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Tours highlight heritage

Shaw, Capitol Hill featured on new walking tours

(Published April 7, 2003)

By ANDREW MOISAN

Staff Writer

Ice is a memory. Cherry blossoms are in full bloom. Restaurants are dusting off outdoor furniture. It’s that time of year again for the D.C. tourism industry to kick into full gear.

And in a collective bid to bring tourists to the city amid the official kick-off of springtime activities, the D.C. Heritage Tourism Coalition is doing its part.

The coalition -- motivated in part by a stalled economy -- aims to enthuse visitors with historical guided tours of the District, one of which they hope will reveal a "hidden" part of the city buried in the past of the U Street-Shaw neighborhood in Northwest Washington.

Working jointly with Manna Community Development Corp. and the Thurgood Marshall Center for Service and Heritage, the coalition recently announced "Before Harlem, There Was U Street," a guided walking tour highlighting historical relics throughout the U Street-Shaw neighborhood.

"After you’ve marveled at the Cherry blossoms and the [Washington] monument, we invite you to step off the [National] Mall and experience D.C. in a way you’d never be able to from a tour bus," said Gloria Robinson, program manager of community organizing with Manna.

The historical neighborhood outlined by the coalition composes an area lying roughly between Ninth Street and New Hampshire Avenue NW and R Street and Florida Avenue NW.

The 14 points of historical interest on the U Street tour include The Lincoln Theater -- appearing today as it did in 1922, complete with busy, Victorian-style wallpaper -- and the Bohemian Cavern -- in its heyday a popular jazz club billing such entertainers as John Coltrane and Miles Davis.

Tourists also may explore the African-American Civil War Memorial -- one of a kind in the country and located near the entrance of the U Street-African-American Civil War Memorial-Cardozo Metrorail station at U and 10th streets NW.

The coalition will offer two other guided tours, "Capital Neighbors: A Walk About Capitol Hill," a walking tour, and "Civil War Washington: Soldiers and Citizens," a bus tour. Both walking tours will run through the summer, while the bus tours will be held on limited dates in July and August.

The tours were announced at the Thurgood Marshall Center at 1816 12th Street NW, once the country’s oldest African-American YMCA, established in 1853 and closing in 1982. Restored to resemble its appearance in the early 20th century, it now houses various community organizations offering civic support to the U Street-Shaw neighborhood.

The Capitol Hill tour will feature the city’s 19th-century Victorian architecture and historical anecdotes about Capitol Hill, while the Civil War bus tour will carry tourists through areas of the city integral to the Union Army’s victory in the conflict and follow President Abraham Lincoln’s years in office.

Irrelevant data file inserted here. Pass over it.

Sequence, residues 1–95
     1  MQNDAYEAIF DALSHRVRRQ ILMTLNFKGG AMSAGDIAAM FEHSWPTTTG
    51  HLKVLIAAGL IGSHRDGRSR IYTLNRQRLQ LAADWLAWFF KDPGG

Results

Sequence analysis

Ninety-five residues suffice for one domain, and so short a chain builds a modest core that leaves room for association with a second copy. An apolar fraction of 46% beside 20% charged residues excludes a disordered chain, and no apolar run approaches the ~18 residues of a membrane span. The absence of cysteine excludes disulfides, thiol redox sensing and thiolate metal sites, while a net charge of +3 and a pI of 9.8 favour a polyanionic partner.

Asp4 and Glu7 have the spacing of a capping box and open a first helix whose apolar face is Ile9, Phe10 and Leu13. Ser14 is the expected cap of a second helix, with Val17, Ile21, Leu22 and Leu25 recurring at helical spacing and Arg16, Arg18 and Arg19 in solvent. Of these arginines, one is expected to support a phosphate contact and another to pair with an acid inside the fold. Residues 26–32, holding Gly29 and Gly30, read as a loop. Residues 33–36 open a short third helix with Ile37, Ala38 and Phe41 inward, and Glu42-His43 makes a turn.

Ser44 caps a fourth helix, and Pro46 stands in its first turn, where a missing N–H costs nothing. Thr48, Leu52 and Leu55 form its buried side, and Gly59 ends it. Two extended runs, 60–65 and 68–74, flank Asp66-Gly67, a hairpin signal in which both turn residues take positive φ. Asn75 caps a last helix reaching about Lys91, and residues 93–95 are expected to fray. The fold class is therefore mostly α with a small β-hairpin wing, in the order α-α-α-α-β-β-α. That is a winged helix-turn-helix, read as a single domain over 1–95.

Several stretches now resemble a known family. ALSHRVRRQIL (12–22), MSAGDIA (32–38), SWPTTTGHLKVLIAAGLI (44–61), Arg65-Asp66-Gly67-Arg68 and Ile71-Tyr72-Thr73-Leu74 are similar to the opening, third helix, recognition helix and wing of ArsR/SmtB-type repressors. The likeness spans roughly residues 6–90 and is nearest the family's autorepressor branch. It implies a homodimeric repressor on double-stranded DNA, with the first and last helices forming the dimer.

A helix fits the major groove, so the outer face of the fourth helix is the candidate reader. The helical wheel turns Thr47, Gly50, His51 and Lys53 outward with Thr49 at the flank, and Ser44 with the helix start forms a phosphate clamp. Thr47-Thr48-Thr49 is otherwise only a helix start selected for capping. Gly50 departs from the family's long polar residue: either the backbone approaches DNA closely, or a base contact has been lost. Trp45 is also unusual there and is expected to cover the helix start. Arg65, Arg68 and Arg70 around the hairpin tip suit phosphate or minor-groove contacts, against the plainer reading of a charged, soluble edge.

The coalition’s new tours come at a time of national economic downturn and as fewer visitors are opting to trek to Washington, a trend that has beleaguered the local tourism industry since the Sept. 11, 2001, terrorist attacks.

And in a sign that this trend may continue or worsen, the White House announced April 4 that attendance at the annual White House Easter Egg Roll will be scaled back because of security concerns.

The event has in the past drawn up to 40,000 people, including many tourists, to Washington. This year, only 12,000 tickets will be distributed to military members and their families in observance of the war in Iraq.

"These are hard times we’re in right now," said Kathryn S. Smith, executive director of the coalition. She added, however, "Washington’s been in bad times before, and we’ve gotten through them."

This is "a time for us to redouble our energies," D.C. City Councilman Jim Graham, D-Ward 1, said, adding that the tours will "open the doors to history."

"There’s no better example of this than where we are right now," Graham said, referring to the restored Thurgood Marshall Center. "We’re here out of appreciation for all of that. And it’s a very rich appreciation indeed."

U Street tour guide John C. "Butch" Snipes, who grew up in Shaw and is often called the "Mayor of U Street" because of his familiarity with the neighborhood, said he was eager to uncover and share the District’s "hidden" history.

"We want to give them the spirit of Shaw, the spirit of U Street," Snipes said. "As you take the tour, you’ll see that a lot is going on in the District that you didn’t know about."

Snipes underscored the importance of accurately telling the story of the neighborhood’s history because it will inform future generations of varying ethnic backgrounds.

"The world needs to know what happened with U Street," he said.

Wearing a baseball hat saying "It’s A D.C. Thang," Snipes asserted that "if you don’t know your history, you have no idea who you are.

"I’m well aware of who I am," he said.

More information about the tours is available by visiting www.dcheritage.org or calling 202-828-WALK.

Copyright 2003, The Common Denominator